Introduction: Multidimensional measurements such as the integration of liquid chromatography, ion mobility spectrometry and mass spectrometry (LC-IMS-MS) have been implemented to separate lipid species and provide valuable polarity, structural and mass information simultaneously. LC-IMS-MS measurements enable improved lipid characterization and identification but result in large and complex datasets which are extremely difficult to process. Thus, developing software capable of accurate and rapid molecular analyses is essential.
Objectives: The primary objective of this study was to modify the free, open source software Skyline for rapid and confident annotation of lipidomic data using manually curated sample-specific lipid spectral libraries containing LC, IMS, MS and MS/MS information. The secondary objective was to apply our library to assess lipids in bronchoalveolar lavage fluid (BALF) and plasma from patients who had various outcomes following bronchoscopy treatment for severe smoke inhalation.
Methods: To create the lipid spectral libraries, hundreds of target lipids from multiple lipid categories were analyzed in both positive and negative ionization modes. Each target lipid was populated with an m/z, LC retention time, IMS collision cross section (CCS) and fragments. These values were manually extracted from various sample types and verified using existing literature. A set of ~20 endogenous lipids for each sample type were set as the iRT normalization lipids and used to allow gradient time changes and LC alignment. To utilize the lipid libraries with clinical samples, lipidomic assays were performed on 21 blood plasma samples and 99 BALF samples from patients with severe smoke inhalation using the LC-IMS-MS/MS platform in positive and negative ionization modes. The lipids were identified using our lipid spectral libraries in Skyline and evaluated using statistical tests.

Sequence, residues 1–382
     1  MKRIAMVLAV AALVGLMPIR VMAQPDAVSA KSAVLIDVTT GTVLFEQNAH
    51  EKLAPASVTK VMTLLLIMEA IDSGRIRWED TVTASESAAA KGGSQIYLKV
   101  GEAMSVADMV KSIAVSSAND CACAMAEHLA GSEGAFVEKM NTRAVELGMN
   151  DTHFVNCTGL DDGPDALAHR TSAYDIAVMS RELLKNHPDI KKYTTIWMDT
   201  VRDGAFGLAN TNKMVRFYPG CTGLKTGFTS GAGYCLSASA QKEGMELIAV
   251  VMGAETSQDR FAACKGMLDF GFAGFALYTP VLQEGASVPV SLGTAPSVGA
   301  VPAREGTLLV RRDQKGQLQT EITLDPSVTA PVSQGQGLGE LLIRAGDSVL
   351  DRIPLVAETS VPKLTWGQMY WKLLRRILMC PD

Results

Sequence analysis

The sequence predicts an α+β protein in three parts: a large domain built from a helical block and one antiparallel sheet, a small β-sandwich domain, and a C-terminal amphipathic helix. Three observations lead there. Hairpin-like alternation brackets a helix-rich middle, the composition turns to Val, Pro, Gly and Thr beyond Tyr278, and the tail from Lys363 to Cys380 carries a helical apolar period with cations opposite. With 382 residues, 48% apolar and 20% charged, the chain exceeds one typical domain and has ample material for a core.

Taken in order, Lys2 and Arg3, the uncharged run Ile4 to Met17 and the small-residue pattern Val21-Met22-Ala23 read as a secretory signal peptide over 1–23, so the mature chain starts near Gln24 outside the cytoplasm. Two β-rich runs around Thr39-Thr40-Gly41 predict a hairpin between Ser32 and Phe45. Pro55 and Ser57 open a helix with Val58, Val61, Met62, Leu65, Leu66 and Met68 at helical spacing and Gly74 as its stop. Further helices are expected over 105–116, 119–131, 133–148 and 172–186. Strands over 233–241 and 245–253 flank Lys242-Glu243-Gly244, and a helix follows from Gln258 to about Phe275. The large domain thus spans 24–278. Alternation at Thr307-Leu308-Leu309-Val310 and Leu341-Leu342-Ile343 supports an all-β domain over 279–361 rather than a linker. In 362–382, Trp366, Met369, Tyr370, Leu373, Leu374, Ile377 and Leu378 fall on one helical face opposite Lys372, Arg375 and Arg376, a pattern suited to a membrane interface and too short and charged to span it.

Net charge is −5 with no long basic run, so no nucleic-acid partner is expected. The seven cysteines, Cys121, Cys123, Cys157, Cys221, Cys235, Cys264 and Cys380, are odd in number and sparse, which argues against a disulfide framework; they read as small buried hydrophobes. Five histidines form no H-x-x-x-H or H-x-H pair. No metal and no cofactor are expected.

Results: The multidimensional lipid spectral libraries in Skyline allowed rapid and targeted processing of all lipids in the library simultaneously. The iRT calculator allowed utilization of different gradient times and was verified for use with LC retention time shifts due to run-to-run variation and differences in columns, instruments, and labs. Application of the collision cross section (CCS) filtering further increased lipid annotation confidence and greatly improved the signal to noise ratio for the target species. Applying the library to smoke inhalation patients having various outcomes following bronchoscopy treatment pinpointed lipidomic changes in the different groups. This evaluation is ongoing to fully understand the significance of the findings and determine if personalized treatment is possible based on lipid content.
Conclusion: The sample-specific lipid spectral libraries created and implemented in Skyline provides the scientific community with an essential tool for rapid and confident lipid analyses which can be applied to a variety of clinical studies.